Mine-risk Education

Domingas Cristovao, deputy director of the Comissâo Nacional Intersectorial de Desminagem e Assistência Humanitá ria says mine-risk education is crucial to Angolan mine action: “Educating the public in Angola includes using all media available: newspaper, television, radio, speaking with traditional leaders and just getting the word out in communities.”5

CNIDAH leads Angola’s MRE activities. Most recently, CNIDAH created an MRE campaign themed “Stay on the Safe Path.”6 Due to an increasing number of vehicle accidents related to mines, the goal is to educate all passengers and drivers of any form of transportation. Mine-risk educators facilitated mine-safety conversations with motorists at the most popular stopping places. As a result of “Stay on the Safe Path,” an estimated 16,000 drivers and 97,000 passengers were educated about the existence of mines. This campaign is credited with the impressive decline of landmine incidents in this area from 52 in the previous season to two after the MRE blitz.

Angola’s Mine-safe Future

As the second-largest producer of oil in sub-Saharan Africa, Angola is blessed with an abundance of natural resources. Petroleum, diamonds, fertile agricultural land and fishing resources could bring the nation a wealth of economic success. Mine clearance in Angola has been underway for over a decade and, depending on donor support, the country could be mine-safe in the next eight years.7 As clearance efforts continue, internally displaced people and Angolan refugees will be able to safely return to their homeland. The Angolan government and its people continue to strive toward reconciliation and mine clearance in order to have a safer and more prosperous future.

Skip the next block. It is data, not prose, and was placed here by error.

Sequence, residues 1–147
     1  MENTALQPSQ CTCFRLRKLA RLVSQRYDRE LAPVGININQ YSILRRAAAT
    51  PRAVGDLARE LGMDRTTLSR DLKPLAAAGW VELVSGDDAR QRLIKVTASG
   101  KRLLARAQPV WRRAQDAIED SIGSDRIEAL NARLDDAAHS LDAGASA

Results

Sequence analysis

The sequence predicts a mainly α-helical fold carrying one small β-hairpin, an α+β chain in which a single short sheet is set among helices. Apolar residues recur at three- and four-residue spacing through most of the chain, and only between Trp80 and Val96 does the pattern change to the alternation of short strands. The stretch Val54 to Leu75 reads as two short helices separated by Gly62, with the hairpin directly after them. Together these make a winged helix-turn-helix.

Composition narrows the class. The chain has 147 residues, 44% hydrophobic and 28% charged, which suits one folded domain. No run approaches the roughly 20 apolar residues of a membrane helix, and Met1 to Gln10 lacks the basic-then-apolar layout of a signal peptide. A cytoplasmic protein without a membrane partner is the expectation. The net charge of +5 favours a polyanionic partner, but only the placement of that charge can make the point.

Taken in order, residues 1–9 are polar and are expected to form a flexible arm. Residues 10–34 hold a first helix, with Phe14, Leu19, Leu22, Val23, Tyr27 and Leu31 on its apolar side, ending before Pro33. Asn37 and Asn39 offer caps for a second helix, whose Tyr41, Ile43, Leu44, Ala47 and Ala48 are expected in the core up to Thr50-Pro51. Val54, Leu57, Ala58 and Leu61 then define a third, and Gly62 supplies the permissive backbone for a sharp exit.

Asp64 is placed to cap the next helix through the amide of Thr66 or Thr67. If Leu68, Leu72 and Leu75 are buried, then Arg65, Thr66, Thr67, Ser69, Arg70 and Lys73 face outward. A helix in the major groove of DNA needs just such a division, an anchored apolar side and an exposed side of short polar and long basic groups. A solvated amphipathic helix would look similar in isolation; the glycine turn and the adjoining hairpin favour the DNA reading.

Sarah graduated from the University of Virginia with a degree in international relations and a concentration in African studies. She currently lives in Keezletown, Va., but will soon be moving with her husband to Cairo, Egypt, to pursue her master's degree in professional development.


  1. “Angola.” CIA—The World Fact Book. Last updated April 20, 2006. Accessed May 2, 2006.
  2. “Angola.” Landmine Monitor Report, 2005. Accessed Jan. 5, 2006.
  3. Interview with Dr. Adriano Francisco Gonçalves, national coordinator for demining and victim assistance, Angolan National Commission for Demining and Victim Assistance. July 8, 2005.
  4. Convention on the Prohibition of the Use, Stockpiling, Production and Transfer of Anti-Personnel Mines and on Their Destruction, Ottawa, Canada. Sept. 18, 1997; Accessed May 3, 2006.
  5. Interview with Dr. Domingas Cristovao, deputy director, Angola National Institute for Demining and Victim Assistance. July 8, 2005.
  6. “Stay on the Safe Path.” Landmine Awareness Safety Messages. Accessed Jan. 7, 2006.
  7. “Angola’s Landmine Legacy.” BBC News. Nov. 29, 2004. Accessed Jan. 5, 2006.

Contact Information

Sarah Sensamaust
Editorial Assistant
Journal of Mine Action
Mine Action Information Center